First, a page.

Lee said that unlike their international peers, South Korea's conservative financial institutions have insignificant investments in collateralized debt obligations and risky hedge funds. But he expressed concern that if the credit squeeze caused an economic slowdown and a slump in private consumption in the US, then it would hurt South Korean exporters.
The Monetary Authority of Singapore said it was ready to inject liquidity into the banking system although it does not see any need for it at the moment, according to media reports.
The BoK said that the fund injections by the major central banks are "part of (their) open market operations" in order to control the short-term market interest rates, which is different from the emergency loans to some specific financial institutions.
The BoK also said that it will closely monitor the developments of the financial markets and "promptly act" by purchasing repurchase agreements in case of a sharp fluctuation in the overnight interbank call rates.
In the Philippines, central bank chief Amando Tetangco said domestic liquidity is sufficient and that local banks have no significant exposure to the market for collateralized debt obligations (CDOs). He believes that any impact of the crisis on the domestic economy "will be largely indirect, mainly in the form of risk aversion."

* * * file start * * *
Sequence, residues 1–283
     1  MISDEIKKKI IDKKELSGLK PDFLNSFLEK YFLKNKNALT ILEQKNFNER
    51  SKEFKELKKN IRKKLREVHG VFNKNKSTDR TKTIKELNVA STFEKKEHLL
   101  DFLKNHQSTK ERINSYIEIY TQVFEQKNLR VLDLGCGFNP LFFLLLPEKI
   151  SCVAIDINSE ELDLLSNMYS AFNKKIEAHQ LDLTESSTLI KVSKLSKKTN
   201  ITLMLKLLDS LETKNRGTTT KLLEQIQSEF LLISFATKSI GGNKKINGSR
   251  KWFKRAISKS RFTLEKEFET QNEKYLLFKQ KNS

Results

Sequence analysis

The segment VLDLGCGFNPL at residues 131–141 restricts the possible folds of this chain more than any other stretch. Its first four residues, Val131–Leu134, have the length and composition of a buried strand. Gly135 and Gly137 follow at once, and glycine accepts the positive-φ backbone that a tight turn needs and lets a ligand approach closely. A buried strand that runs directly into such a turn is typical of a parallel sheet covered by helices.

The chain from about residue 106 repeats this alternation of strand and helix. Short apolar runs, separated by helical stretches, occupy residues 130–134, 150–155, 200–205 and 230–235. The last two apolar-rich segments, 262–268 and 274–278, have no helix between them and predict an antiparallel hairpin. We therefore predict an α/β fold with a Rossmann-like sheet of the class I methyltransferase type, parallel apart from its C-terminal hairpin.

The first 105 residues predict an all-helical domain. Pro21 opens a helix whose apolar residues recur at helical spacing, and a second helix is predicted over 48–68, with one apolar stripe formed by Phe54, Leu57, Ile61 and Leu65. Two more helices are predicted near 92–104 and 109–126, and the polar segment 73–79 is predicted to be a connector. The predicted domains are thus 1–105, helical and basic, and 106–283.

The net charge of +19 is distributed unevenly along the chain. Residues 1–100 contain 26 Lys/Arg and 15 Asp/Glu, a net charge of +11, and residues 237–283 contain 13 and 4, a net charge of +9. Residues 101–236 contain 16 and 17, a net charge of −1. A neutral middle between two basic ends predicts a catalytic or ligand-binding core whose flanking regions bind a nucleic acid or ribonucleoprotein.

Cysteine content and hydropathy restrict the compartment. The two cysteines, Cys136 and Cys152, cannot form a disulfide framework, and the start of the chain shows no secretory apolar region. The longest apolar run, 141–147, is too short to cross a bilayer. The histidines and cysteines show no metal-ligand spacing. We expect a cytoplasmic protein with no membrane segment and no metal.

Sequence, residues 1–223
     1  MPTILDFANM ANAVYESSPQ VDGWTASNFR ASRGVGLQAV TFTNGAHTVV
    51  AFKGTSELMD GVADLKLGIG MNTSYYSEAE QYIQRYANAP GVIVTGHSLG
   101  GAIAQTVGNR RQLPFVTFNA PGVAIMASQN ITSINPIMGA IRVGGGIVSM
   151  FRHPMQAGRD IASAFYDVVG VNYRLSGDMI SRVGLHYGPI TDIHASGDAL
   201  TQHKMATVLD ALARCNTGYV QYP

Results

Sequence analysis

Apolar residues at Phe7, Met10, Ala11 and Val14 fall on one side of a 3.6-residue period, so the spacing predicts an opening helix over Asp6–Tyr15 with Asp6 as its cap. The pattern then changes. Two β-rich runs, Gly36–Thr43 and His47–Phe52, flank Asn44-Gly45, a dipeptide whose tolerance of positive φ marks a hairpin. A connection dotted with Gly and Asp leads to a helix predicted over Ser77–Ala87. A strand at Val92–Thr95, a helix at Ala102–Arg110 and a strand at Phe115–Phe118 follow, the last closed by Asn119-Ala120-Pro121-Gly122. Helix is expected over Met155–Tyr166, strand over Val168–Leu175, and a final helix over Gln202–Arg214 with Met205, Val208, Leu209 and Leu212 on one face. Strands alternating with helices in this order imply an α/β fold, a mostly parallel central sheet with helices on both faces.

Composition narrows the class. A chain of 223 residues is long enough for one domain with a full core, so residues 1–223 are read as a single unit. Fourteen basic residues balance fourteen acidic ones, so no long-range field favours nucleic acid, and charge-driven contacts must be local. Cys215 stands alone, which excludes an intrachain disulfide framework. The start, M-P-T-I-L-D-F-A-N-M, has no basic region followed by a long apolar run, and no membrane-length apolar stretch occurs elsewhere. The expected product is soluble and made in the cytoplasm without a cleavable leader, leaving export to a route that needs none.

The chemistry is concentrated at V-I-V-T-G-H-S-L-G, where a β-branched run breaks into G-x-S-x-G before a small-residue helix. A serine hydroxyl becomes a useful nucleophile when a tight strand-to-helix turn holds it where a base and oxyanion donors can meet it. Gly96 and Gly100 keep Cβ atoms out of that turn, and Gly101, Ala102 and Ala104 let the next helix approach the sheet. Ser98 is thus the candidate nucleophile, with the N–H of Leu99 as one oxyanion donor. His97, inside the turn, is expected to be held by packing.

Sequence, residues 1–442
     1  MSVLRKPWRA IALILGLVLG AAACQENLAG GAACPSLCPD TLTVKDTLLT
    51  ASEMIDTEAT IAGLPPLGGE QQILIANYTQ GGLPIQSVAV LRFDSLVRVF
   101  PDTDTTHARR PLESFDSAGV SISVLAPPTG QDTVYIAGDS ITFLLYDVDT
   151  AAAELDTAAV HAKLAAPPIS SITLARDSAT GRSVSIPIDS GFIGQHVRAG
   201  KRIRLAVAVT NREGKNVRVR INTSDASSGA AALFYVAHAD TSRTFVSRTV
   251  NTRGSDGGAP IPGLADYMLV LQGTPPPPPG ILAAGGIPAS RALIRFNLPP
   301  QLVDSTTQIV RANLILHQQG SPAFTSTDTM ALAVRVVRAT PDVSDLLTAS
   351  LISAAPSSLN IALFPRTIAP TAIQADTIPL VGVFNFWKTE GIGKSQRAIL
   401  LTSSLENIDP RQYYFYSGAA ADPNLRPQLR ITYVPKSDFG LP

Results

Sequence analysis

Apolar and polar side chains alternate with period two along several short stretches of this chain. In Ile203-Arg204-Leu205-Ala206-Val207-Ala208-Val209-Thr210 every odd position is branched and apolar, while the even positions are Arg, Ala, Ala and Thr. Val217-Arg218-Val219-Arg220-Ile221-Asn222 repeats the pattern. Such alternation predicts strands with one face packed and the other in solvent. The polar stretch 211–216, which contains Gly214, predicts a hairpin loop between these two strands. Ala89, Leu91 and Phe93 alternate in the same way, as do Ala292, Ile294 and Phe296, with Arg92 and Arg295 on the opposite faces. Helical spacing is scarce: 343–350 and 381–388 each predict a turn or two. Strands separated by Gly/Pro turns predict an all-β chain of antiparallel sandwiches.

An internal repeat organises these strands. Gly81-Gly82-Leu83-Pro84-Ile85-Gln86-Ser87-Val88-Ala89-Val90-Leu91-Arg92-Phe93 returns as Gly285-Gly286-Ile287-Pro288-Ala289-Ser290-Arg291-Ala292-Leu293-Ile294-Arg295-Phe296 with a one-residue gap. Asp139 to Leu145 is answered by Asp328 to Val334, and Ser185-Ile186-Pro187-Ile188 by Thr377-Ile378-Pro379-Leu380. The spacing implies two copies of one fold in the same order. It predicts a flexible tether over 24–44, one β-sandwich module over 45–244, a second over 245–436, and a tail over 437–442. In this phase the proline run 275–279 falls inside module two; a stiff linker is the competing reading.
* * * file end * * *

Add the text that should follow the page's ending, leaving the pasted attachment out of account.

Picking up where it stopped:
"It is expected to be limited. Philippine banks are not exposed in any significant way to CDOs.
"There is sufficient liquidity. More fundamentally, the increased availability of longer-term funding in pesos has also reduced the country's vulnerability to adverse external market developments," he said.
Before the news on BNP Paribas and the ECB broke, Malaysia's central bank governor Zeti Akhtar Aziz said Thursday that the US subprime crisis will have a minimal impact on the country's economic growth.
"We do not see at this stage of it having an impact on the economy. Furthermore in other parts of the world, like Europe, Japan and other parts of Asia, they are still doing well, so all this will mitigate the impact of a slower growth in the US on our economy," Zeti said.
[Endret 10.08.07 08:25 av gorwell]
|A matter of confidence
"The coordinated policy action by the Japanese, European and US authorities illustrated the increased market wariness about the health of the financial system, although the subprime loan problem, in nature, would not jeopardize the global credit system," Tokai Tokyo Securities chief economist Mitsuru Saito said.
"Although the actions in the US and EU are highly unlikely to lead to monetary policy easing anytime soon, the Bank of Japan may not be able to take action that goes against the move in the US and EU, and have to postpone a widely-expected rate hike this month to make sure that the systemic risk will not emerge," he said.
Frederic Neumann, economist at HSBC, said Asian financial markets are suffering from the contagion effect as confidence has been jolted.
"This reflects the globalization of financial markets. In short, even as Asia has economically decoupled from the US in recent years, financially it has become more exposed, and in fact more exposed than it was 10 years ago at the onset of the Asian crisis.
"The bottomline is that as long as US markets remain volatile, which is likely for the next several months, Asian financial markets will continue to suffer," Neumann said.
|Re. gorwell 
Hvorfor ikke ta dette på en av trådene for Nasdaq, Nikkei eller Europa?
Det er unødvendig med en ny tråd.
[Endret 10.08.07 08:27 av Børsgribben]